THOUSAND OAKS, Calif — Today, SynED, a national non-profit organization that identifies emerging best practices for effective articulation between employers, job seekers, and education providers, announced that David Cumbow was selected as its national Cyber Hero for March 2021.
Cumbow is a systems engineering manager at Palo Alto Networks, a leading global cybersecurity firm. He is also an adviser to SynED’s Cyber-Guild®, a community for cybersecurity and CTE professionals and board member of the Aaron Barnett Foundation, an organization founded after the passing of his former mentor.
He began his career working in IT at the Moreno Valley Unified School District, where he developed his own love of computers as a student just a few years before. Cumbow’s position at the school district and close proximity in age to the students made him an ideal choice to talk with the school’s CyberPatriot teams and work experience students.
Once he got in front of the students, however, Cumbow quickly realized that he would be much more successful connecting cybersecurity to other career fields that students were more likely to know, like law enforcement or the medical field.
“Aaron [Barnett] thought it was important to put someone young in front of them and show them the personal side of what drives a passion for cybersecurity,” Cumbow said. “Early on, there was a lot of realization that not everyone is excited about the same things I am, and I started to tweak my presentation to be more relevant to IT in fields students were interested in.”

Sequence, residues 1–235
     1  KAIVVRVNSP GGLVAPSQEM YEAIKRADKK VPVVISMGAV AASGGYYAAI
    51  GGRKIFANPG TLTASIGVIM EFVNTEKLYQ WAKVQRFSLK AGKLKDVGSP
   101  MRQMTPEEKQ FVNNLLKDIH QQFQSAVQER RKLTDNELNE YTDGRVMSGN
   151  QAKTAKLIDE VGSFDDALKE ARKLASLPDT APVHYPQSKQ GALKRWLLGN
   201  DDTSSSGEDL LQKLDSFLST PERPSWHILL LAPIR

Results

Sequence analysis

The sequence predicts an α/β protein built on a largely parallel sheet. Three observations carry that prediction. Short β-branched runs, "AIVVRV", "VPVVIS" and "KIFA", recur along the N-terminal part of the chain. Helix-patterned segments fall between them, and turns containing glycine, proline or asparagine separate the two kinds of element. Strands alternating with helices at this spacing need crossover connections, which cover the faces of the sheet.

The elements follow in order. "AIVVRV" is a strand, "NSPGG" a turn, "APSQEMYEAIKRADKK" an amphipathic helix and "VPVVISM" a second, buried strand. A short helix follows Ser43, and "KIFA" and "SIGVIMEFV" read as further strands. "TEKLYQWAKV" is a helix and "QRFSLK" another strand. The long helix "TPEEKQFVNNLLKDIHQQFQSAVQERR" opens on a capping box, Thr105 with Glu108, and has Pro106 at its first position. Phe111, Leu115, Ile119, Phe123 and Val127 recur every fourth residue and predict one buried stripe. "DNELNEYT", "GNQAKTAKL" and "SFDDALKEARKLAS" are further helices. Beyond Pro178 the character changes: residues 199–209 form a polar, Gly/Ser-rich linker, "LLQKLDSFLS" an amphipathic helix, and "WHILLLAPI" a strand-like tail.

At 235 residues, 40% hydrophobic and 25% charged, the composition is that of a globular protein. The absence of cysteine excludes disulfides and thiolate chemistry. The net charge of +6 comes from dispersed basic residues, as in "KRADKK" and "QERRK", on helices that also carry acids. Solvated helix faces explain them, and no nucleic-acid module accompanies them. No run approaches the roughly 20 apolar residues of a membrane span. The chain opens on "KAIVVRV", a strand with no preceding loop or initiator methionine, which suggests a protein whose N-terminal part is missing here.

Cumbow and Barnett also worked together to create a Student Technology Advisory Committee within the district, which allowed them to make technology decisions based on input from the people who would actually be using those devices and services. The committee’s recommendations helped inform Chromebook purchases and changes to Internet firewalls based on grade level rather than a blanket policy for the entire district.
David Thurston, chief technology officer at the San Bernardino County Superintendent of Schools, was the Network Manager at Moreno Valley and started working with Cumbow nearly 20 years ago. Though Cumbow was just out of high school himself, Thurston could already see the potential for his career in technology.
“It was great watching him grow his skillset as he progressed from a student worker into a field tech, then ultimately ended up in my former position as network manager,” Thurston said. “David is a life-long learner in the field of cybersecurity and is always willing to share his considerable knowledge and skill with others, and specifically young engineers and techs working in the K-12 and public sector so that they can grow to be cybersecurity leaders.”
Eventually, Cumbow found himself at a professional fork in the road. He could either advance within the K-12 IT field to become a CTO or move into the private sector. He’d worked closely with Palo Alto Networks and joined the company to help solve the problems he’d been working on at the school district on a larger scale.